University Study Finds Huge Gender Gap in Funding for Infectious Disease Research

union-jack2A study of research funding in Great Britain found that women scientists conducting infectious disease research are less likely than men to receive grants and that the average grant award to women who are funded is significantly less than the average grant award for men in the field.

The study was led by Michael G. Head of University College London. The results showed that of the more than 6,000 grants for infectious disease research between 1997 and 2010, less than one quarter went to research teams headed by women. The total amount of grants awarded to research teams led by men was £1.8 billion. For woman-led research teams, the total funding was £488 million.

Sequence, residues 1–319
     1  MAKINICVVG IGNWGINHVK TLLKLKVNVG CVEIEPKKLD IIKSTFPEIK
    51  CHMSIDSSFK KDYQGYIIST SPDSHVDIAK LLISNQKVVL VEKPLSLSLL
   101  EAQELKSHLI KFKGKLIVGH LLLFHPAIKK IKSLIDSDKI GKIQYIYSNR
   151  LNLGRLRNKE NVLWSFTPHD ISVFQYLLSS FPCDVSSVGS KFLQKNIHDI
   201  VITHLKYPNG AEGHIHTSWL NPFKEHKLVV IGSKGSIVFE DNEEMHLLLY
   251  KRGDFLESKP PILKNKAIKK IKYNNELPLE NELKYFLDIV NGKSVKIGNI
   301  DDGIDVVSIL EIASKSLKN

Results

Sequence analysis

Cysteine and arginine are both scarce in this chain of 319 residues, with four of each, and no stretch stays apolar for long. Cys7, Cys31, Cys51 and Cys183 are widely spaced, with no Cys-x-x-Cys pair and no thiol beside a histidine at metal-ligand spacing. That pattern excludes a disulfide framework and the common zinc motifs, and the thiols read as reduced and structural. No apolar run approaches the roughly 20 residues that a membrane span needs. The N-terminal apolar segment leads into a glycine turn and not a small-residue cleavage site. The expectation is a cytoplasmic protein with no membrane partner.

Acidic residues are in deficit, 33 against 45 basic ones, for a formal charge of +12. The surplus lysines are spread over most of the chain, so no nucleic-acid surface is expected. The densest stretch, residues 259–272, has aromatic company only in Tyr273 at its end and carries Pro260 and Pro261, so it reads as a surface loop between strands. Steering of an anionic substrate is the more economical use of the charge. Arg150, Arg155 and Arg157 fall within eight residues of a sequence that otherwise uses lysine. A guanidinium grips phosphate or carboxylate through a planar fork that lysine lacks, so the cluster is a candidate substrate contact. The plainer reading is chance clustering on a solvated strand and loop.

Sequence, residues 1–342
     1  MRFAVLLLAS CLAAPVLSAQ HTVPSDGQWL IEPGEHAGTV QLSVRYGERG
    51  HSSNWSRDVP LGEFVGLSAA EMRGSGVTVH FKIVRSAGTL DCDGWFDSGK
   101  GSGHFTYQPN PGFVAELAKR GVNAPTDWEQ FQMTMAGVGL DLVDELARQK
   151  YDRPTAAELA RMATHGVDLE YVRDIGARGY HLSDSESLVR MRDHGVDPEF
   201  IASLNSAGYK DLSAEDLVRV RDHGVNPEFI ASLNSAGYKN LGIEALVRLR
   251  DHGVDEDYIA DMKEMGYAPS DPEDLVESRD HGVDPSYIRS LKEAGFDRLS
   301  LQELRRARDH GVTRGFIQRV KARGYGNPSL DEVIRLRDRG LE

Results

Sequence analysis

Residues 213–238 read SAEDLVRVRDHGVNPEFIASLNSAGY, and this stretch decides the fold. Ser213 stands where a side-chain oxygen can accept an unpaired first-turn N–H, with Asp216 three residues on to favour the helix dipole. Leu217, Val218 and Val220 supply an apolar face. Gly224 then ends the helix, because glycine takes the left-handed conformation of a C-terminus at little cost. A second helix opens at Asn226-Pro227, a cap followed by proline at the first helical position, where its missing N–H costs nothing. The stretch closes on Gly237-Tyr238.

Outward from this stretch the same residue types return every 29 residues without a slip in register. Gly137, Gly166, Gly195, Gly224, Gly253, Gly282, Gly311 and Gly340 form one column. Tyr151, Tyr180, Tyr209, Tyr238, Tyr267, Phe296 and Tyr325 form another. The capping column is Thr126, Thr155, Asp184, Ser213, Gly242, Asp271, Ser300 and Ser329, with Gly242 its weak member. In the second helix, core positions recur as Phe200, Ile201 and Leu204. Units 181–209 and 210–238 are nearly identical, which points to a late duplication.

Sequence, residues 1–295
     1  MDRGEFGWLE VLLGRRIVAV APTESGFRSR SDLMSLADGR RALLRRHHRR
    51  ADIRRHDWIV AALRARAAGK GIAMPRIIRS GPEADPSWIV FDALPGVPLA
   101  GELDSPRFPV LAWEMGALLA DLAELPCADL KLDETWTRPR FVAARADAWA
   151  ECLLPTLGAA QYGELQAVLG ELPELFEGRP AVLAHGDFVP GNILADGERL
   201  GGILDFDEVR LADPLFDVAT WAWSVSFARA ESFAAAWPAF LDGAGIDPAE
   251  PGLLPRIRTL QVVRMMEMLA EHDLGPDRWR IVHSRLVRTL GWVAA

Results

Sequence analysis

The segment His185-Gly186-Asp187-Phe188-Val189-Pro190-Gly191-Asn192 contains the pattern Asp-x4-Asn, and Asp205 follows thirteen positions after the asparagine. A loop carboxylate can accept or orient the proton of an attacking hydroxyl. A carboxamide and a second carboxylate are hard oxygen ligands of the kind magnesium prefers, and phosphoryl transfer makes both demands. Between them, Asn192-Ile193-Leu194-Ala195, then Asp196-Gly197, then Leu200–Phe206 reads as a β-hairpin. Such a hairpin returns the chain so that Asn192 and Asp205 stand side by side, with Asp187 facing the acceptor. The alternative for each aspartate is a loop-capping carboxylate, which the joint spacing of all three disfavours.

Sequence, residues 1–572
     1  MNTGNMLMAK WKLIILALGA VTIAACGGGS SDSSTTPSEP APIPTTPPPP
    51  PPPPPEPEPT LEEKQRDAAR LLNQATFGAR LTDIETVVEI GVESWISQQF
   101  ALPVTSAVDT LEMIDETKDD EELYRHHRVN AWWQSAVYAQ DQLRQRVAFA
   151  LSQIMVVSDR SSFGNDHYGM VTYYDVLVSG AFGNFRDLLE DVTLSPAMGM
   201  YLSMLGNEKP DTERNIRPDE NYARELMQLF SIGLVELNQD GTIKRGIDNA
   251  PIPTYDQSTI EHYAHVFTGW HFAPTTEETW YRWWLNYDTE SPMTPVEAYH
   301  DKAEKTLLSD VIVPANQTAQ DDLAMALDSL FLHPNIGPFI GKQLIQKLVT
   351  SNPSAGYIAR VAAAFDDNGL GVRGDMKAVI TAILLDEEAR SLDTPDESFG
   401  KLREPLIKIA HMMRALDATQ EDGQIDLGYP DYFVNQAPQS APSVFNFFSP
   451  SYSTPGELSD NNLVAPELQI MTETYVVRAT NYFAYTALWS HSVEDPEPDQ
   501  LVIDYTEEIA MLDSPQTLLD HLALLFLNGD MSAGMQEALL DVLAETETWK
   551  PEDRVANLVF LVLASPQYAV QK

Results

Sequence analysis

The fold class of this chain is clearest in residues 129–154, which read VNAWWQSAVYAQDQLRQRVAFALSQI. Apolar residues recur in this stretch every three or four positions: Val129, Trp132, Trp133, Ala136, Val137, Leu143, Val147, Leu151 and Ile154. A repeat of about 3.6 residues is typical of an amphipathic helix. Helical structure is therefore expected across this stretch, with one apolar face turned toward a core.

The average grant for a study led by a woman during this period was £125,556. For research teams led by men, the average grant was £179,389, a difference of 43 percent.

The authors of the study published in the online journal BMJ Open warned that their data does not prove gender bias on the part of those making the grants. But they urged additional research to discover why such a gender discrepancy exists.

The paper, “Differences in Research Funding for Women Scientists: A Systematic Comparison of UK Investments in Global Infectious Disease Research During 1997–2010,” can be read here.

Filed Under: Gender GapResearch/Study


RSSComments (0)

Leave a Reply